Katsimpardi, L. & Rubin, L.L., 2015. Young systemic factors as a medicine for age-related neurodegenerative diseases. Neurogenesis (Austin) , 2 (1) , pp. e1004971.Abstract
It is widely known that neurogenesis, brain function and cognition decline with aging. Increasing evidence suggests that cerebrovascular dysfunction is a major cause of cognitive impairment in the elderly but is also involved in age-related neurodegenerative diseases. Finding ways and molecules that reverse this process and ameliorate age- and disease-related cognitive impairment by targeting vascular and neurogenic deterioration would be of great therapeutic value. In Katsimpardi et al. we reported that young blood has a dual beneficial effect in the aged brain by restoring age-related decline in neurogenesis as well as inducing a striking remodeling of the aged vasculature and restoring blood flow to youthful levels. Additionally, we identified a youthful systemic factor, GDF11 that recapitulates these beneficial effects of young blood. We believe that the identification of young systemic factors that can rejuvenate the aged brain opens new roads to therapeutic intervention for neurodegenerative diseases by targeting both neural stem cells and neurogenesis as well as at the vasculature.
Xue, R., et al., 2015. Clonal analyses and gene profiling identify genetic biomarkers of the thermogenic potential of human brown and white preadipocytes. Nat Med , 21 (7) , pp. 760-8.Abstract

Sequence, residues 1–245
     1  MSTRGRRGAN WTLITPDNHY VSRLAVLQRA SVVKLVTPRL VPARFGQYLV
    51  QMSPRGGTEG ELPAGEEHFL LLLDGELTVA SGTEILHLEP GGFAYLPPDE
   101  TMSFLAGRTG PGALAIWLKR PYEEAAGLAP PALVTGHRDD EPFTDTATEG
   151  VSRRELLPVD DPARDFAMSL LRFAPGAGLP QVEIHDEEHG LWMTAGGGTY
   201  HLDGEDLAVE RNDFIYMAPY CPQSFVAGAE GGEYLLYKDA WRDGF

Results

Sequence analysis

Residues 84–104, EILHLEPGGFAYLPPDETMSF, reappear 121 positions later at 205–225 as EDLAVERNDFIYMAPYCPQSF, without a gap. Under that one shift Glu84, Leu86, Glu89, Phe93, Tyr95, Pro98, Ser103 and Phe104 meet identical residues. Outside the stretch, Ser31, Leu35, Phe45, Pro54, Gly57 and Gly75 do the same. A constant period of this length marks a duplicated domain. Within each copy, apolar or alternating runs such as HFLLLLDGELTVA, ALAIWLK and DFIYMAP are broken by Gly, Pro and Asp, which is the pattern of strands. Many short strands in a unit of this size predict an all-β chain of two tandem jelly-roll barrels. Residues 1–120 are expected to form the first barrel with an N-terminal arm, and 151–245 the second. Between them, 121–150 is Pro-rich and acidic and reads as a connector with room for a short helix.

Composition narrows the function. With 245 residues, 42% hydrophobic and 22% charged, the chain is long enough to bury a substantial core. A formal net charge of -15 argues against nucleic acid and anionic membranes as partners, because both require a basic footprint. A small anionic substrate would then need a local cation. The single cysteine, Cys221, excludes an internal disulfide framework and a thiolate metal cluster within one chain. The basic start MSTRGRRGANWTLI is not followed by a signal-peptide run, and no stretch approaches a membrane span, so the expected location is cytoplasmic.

Targeting brown adipose tissue (BAT) content or activity has therapeutic potential for treating obesity and the metabolic syndrome by increasing energy expenditure. However, both inter- and intra-individual differences contribute to heterogeneity in human BAT and potentially to differential thermogenic capacity in human populations. Here we generated clones of brown and white preadipocytes from human neck fat and characterized their adipogenic and thermogenic differentiation. We combined an uncoupling protein 1 (UCP1) reporter system and expression profiling to define novel sets of gene signatures in human preadipocytes that could predict the thermogenic potential of the cells once they were maturated. Knocking out the positive UCP1 regulators, PREX1 and EDNRB, in brown preadipocytes using CRISPR-Cas9 markedly abolished the high level of UCP1 in brown adipocytes differentiated from the preadipocytes. Finally, we were able to prospectively isolate adipose progenitors with great thermogenic potential using the cell surface marker CD29. These data provide new insights into the cellular heterogeneity in human fat and offer potential biomarkers for identifying thermogenically competent preadipocytes.
Brennand, K.J., et al., 2015. Creating Patient-Specific Neural Cells for the In Vitro Study of Brain Disorders. Stem Cell Reports , 5 (6) , pp. 933-945.Abstract
As a group, we met to discuss the current challenges for creating meaningful patient-specific in vitro models to study brain disorders. Although the convergence of findings between laboratories and patient cohorts provided us confidence and optimism that hiPSC-based platforms will inform future drug discovery efforts, a number of critical technical challenges remain. This opinion piece outlines our collective views on the current state of hiPSC-based disease modeling and discusses what we see to be the critical objectives that must be addressed collectively as a field.